I stayed home in bed while Austin went to my work and finished all my projects that had to be done that day. I have the best husband in the entire world and that is just an indisputable fact.
My mom came up right away and stayed with me all day. She stayed with me through the cramping and bleeding and tears. She stayed with me as I lost my baby.
We were broken. We were crushed. I felt alone. I felt empty. The life that had been inside me was gone.
I felt like nobody could understand how I felt. Austin had loved the baby, of course, but not in the same way I did. He hadn’t been carrying and holding that baby every minute of every day like I had. He was sad, but more than anything it seemed like he was at peace knowing our baby would never know pain or sorrow and would live forever in heaven. I felt peace at that thought too, but that didn’t take away the pain. That didn’t take away the tears when I thought about never getting to snuggle my baby after their bath time, or never getting to bake cookies together, or never getting to watch them walk down the aisle.
Then I felt bad for feeling sad. Like I should just be at peace like Austin was. Like I should be fine. My baby was in heaven. My baby was happy. My baby was with Jesus. My baby was perfect. Why couldn’t I just be happy for our baby?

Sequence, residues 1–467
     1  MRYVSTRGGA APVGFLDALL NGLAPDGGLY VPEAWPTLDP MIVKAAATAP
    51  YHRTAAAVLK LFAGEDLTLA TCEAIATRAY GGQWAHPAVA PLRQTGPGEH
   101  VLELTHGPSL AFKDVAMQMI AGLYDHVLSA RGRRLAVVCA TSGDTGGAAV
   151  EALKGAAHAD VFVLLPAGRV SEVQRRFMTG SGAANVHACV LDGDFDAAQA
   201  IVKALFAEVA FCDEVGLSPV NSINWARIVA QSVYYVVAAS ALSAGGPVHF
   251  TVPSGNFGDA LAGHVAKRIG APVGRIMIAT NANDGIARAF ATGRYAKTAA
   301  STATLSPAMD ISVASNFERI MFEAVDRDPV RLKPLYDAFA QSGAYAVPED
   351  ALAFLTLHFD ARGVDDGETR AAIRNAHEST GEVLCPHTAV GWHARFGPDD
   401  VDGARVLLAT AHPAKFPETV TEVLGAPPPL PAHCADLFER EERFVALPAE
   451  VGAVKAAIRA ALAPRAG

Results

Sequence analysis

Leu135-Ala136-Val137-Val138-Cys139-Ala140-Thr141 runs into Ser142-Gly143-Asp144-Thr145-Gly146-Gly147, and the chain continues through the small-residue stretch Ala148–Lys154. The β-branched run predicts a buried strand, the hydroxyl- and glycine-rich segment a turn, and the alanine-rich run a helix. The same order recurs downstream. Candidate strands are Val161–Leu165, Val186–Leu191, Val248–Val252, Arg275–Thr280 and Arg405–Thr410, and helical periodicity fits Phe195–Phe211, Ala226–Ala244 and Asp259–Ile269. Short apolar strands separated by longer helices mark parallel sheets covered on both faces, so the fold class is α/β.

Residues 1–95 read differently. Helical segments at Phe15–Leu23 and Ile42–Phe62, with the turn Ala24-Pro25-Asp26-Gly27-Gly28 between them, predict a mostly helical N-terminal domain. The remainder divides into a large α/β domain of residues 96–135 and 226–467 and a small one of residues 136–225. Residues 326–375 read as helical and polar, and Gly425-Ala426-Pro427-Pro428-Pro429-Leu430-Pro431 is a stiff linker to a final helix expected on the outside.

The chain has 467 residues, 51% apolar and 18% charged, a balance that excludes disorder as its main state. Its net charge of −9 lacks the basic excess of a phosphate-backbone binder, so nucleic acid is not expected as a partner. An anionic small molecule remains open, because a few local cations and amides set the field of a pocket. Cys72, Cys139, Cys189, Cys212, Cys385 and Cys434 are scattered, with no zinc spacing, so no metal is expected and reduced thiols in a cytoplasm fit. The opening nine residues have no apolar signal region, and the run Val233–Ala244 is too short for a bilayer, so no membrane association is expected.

But God was ok with my sadness. The Spirit reminded me that when Lazarus died Jesus wept. It was ok to grieve, It was ok to miss my sweet little one. It was ok to cry. Jesus was crying for me too. He knew how I felt. This wasn’t what He always wanted for me. His world was broken, and His heart was broken for me.
I wish I could somehow make you feel how real our baby was, and is. We never got an ultrasound, never got to feel them kick, never got to know if we have a son or a daughter. All I got was bloating, an extreme aversion to broccoli and an extra little pink line on a pregnancy test. I was a mother. I always would be. I didn’t lose a “fetus.” I lost my son. Or my daughter. I lost a person. I lost a part of me.